Eugene City Councilor, Ward 2
Term: January 2017 - January 2021
125 East 8th Avenue, 2nd floor, Eugene, OR 97401
Email Councilor Taylor: firstname.lastname@example.org
- City Club
- Friends of Eugene
- Sierra Club
- Oregon Wild
- Unitarian Church
- Wayne Morse Society: Ex-Officio Board Member
Current Council Assignments
- City Council President
- Budget Committee
- Intergovernmental Relations Committee
- Lane Regional Air Protection Agency
- Metropolitan Policy Committee (alternate)
- National League of Cities University Communities Council Steering Committee
- National League of Cities Advisory Council
- National League of Cities Energy, Environment, and Natural Resouces Committee
- English teacher at high school, community college and university levels
- University of Oregon, Ph.D., English
- University of Illinois, M.A., English
- Illinois State University, B.S. Ed.
Special Interests and Concerns
- Citizen involvement
- Neighborhood protection
- Civil liberties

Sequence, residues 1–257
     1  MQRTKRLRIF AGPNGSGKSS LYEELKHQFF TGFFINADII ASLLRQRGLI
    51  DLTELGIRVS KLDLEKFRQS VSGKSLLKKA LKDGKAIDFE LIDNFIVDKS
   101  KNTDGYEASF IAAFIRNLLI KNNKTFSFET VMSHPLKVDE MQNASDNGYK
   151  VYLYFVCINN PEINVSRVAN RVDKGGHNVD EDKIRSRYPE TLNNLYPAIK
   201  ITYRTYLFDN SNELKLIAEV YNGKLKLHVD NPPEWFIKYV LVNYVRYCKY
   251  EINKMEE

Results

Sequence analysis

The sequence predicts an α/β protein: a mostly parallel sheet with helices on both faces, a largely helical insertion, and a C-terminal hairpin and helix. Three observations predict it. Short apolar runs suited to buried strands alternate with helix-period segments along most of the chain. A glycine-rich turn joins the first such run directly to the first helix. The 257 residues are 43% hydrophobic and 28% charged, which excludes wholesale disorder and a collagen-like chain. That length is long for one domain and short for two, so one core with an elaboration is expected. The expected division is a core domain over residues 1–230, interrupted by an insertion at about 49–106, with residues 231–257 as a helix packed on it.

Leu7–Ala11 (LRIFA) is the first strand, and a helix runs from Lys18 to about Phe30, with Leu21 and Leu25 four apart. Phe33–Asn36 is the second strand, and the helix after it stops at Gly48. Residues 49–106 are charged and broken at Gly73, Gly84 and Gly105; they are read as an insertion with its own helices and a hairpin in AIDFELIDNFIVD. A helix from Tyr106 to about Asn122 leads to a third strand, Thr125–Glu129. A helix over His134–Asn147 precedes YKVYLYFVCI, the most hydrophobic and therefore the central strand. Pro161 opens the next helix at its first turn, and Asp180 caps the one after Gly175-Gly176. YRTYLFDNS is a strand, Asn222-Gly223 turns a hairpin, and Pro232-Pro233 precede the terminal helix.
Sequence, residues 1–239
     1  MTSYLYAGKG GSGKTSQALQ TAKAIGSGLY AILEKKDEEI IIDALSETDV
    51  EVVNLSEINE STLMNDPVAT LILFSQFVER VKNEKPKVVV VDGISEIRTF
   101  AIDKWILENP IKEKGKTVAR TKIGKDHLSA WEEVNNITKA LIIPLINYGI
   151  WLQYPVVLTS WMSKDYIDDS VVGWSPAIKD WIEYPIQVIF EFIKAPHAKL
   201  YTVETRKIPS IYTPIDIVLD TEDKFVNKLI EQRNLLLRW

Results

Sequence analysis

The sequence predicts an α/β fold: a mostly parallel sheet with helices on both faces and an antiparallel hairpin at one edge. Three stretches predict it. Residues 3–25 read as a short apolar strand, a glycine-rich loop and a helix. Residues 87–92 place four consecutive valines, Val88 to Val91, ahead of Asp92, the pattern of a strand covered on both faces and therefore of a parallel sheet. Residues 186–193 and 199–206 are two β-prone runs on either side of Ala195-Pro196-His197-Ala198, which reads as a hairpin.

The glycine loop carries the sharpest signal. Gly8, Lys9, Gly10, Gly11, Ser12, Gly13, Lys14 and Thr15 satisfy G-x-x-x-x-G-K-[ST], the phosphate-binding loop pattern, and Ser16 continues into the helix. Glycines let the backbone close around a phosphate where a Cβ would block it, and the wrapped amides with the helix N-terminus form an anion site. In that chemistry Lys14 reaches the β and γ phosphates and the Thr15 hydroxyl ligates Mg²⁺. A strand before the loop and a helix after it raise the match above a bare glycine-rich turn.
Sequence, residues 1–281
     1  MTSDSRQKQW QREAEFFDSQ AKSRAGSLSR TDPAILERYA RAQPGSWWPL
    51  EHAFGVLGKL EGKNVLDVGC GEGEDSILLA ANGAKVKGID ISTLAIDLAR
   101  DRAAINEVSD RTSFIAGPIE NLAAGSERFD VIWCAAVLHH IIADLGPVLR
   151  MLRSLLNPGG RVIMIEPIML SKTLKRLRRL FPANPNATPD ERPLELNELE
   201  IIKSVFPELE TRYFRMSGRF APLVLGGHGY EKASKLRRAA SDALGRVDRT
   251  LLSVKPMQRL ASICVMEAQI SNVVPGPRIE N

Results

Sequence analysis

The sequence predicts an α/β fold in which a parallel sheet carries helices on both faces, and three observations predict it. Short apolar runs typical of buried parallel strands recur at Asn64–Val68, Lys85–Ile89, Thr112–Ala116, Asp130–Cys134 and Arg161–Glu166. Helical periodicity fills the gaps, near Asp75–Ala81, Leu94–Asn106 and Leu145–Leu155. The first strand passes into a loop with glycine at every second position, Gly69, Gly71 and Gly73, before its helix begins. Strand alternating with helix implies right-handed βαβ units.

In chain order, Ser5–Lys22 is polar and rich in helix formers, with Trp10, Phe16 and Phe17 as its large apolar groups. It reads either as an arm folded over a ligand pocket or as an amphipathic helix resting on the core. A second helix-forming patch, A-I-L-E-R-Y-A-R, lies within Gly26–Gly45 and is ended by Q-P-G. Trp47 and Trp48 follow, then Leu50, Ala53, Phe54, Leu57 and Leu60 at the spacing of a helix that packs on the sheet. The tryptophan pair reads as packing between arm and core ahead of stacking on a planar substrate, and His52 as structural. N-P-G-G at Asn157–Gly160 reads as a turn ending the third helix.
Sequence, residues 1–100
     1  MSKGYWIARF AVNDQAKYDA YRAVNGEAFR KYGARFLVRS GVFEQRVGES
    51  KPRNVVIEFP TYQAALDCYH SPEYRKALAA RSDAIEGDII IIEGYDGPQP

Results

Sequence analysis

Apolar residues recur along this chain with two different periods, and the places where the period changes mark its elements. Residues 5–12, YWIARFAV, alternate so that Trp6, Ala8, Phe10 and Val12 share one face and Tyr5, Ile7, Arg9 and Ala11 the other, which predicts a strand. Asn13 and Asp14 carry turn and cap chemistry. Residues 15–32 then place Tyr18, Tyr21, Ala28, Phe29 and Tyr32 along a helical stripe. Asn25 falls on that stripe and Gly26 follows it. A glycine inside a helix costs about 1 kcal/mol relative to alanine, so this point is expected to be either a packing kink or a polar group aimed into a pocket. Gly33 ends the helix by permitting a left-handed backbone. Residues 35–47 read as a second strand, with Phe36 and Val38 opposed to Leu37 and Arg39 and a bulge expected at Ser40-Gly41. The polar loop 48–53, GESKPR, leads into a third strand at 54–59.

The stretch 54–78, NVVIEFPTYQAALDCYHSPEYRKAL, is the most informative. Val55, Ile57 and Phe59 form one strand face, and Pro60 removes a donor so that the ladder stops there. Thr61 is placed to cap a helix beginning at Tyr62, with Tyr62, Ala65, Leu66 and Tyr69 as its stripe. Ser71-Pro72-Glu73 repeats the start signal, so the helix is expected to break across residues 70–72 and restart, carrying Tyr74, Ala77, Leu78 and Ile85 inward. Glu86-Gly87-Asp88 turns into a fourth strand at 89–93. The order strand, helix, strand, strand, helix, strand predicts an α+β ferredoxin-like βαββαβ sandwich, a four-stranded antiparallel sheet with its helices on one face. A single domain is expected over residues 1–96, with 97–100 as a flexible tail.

- Open spaces
- Tree Protection
- Bicycle and pedestrian paths
- Rail transportation
- Inclusionary Zoning
- Property tax relief
- Alternative revenue sources
- Living wage ordinance
- Street Repair
- Historic Preservation
Eugene's greatest assets are a beautiful natural environment and an active, concerned citizenry. Both should be protected—the environment from incremental degradation, the concerned citizenry from the apathy which sometimes results from being ignored.
Every increase in pavement and pollution has wide ranging and long term effects on our environment. We should be keenly aware of the cumulative effect of all governmental actions.
Alternative transportation contributes to environmental protection and adds to the enjoyment of life. We should do everything possible to encourage bicycle, foot, and rail transportation.
I think that citizen involvement can be encouraged by giving citizens a voice in every aspect and at every stage of any project.
I consider arts and recreation as essential as police and fire protection. When funds are not adequate for essential government services, I think it is incumbent on elected officials to find an equitable source of additional revenue.
When state laws prevent us from doing what is best for Eugene, I think that we should focus our lobbying efforts on changing those laws. On the other hand, when a problem is not manageable on the local level—shelter for the homeless, for example—we should lobby for laws and funds to create statewide solutions.
In every area I think that we should consider all angles and options. One example, which I hope the council will consider, is inclusionary zoning, rather than housing projects, for low-income residents.